Directed by Zack Snyder

Written by Zack Snyder, Kurt Johnstad and Michael B. Gordon, based on the graphic novel by Frank Miller and Lynn Varley

Starring Gerard Butler, Lena Headey



Help me here; I'm trying to decide which is more stupid - the screenplay of "300" or the film itself. I'm always tempted to blame the screenplay when I see a film with lines like the one Queen Gorgo of Sparta tells her husband, King Leonidas, as he prepares for battle at Thermopylae: "Come back with your shield or on it." For one thing, the line as written doesn't sit well on the tongue: It should be, "Come back with your shield," - long pause for effect - "Or on it." And King Xerxes of Persia, who keeps telling people to kneel before him, reminds me of the football song of my wife's alma mater: "Bow down, bow down to Washington!" Maybe bow wow would have worked better.

Working, if that's not too strong a word, from the comic book by Frank Miller and Lynn Varley - all right, the graphic novel, excuse me - this is a film with only superhuman heroes - the Spartans - and the evil masses of the Persians. And before we get too far, let me point out that the Spartans are white and the Persians are, well, brown and black. Not historically accurate, but then the audience for this film won't mind. Or that Xerxes himself is a flaming queen who couldn't command even a yes-man like, say, Scooter Libby. Goodness gracious, as Donald Rumsfeld used to say.

At any rate, there is a kind of story here, which goes that Good King Leonidas wants to save Sparta from the Persians, but the Oracle tells him not to. Undaunted, and without support from the Council which could give him thousands of troops, he takes three hundred men who are prepared to come back with their shields or on them, and heads for Thermopylae to fight the million-man army of Xerxes. Meanwhile, Queen Gorgo is tricked into letting herself be shtupped by Councilman Theron, who says if she'll sleep with him he'll get the Council to back her husband. What a lie! I guess men will say anything, even in Sparta, to get laid.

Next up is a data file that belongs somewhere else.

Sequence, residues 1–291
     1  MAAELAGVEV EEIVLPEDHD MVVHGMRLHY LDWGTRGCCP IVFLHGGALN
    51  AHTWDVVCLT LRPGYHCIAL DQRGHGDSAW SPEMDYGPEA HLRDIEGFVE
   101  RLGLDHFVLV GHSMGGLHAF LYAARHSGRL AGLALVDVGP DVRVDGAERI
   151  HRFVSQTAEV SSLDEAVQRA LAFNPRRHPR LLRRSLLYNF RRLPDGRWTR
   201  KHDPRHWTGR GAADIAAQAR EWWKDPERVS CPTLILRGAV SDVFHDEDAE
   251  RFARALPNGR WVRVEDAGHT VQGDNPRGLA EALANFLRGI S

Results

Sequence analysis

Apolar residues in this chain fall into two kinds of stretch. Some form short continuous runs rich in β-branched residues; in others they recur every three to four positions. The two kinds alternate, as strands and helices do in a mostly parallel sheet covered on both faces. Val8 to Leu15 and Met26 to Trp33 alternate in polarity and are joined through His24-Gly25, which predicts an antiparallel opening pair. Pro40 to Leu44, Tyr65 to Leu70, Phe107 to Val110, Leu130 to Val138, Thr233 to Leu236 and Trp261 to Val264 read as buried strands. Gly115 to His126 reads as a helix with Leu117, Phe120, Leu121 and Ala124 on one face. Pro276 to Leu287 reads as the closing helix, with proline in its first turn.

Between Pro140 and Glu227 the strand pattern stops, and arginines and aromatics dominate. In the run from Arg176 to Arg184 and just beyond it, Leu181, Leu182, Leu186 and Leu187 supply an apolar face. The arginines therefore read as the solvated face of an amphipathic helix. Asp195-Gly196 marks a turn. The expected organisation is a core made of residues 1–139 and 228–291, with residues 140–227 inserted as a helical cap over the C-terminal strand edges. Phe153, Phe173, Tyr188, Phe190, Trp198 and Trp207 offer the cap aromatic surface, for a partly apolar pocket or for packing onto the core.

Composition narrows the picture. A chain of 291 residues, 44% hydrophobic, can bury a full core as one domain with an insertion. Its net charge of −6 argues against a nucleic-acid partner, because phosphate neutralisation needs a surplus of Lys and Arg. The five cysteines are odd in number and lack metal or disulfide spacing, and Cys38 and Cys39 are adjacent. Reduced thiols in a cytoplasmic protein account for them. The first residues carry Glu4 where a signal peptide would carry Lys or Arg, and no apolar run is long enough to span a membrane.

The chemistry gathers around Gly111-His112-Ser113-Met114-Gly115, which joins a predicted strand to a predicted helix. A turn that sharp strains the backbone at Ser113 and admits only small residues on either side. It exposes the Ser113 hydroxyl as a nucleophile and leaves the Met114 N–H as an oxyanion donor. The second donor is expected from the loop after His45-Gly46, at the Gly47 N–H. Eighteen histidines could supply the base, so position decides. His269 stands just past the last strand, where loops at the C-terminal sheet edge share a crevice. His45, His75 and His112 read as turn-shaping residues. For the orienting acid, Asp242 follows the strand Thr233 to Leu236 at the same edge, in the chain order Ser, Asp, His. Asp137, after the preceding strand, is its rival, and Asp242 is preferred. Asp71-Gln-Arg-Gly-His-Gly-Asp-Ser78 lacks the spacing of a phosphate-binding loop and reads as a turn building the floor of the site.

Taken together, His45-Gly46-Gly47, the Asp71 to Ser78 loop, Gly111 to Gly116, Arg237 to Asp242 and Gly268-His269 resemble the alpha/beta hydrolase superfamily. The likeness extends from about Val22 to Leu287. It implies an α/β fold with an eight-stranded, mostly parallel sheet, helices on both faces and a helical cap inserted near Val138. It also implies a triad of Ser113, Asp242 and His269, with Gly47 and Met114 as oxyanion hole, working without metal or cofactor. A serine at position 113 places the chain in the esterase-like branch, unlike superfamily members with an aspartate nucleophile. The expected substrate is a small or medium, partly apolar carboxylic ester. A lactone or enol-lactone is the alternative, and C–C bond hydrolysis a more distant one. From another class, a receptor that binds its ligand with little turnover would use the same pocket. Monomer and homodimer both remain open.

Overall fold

But the main thrust of the film, if that's not too strong a word, is the battle itself, in which Xerxes throws thousands of soldiers, millions of arrows ("We shall blot out the sun with our arrows." "Then we shall fight in the shade."), a rhinocerous, some elephants, and for all I know an army of mice. In any case, as we come to the two-hour mark, with Leonidas down to a precious few men, the battle ends with all dead but the man he sent back to tell the tale. The end. I know it's early in the year, but "300" is at the head of my list for the worst film of 2007.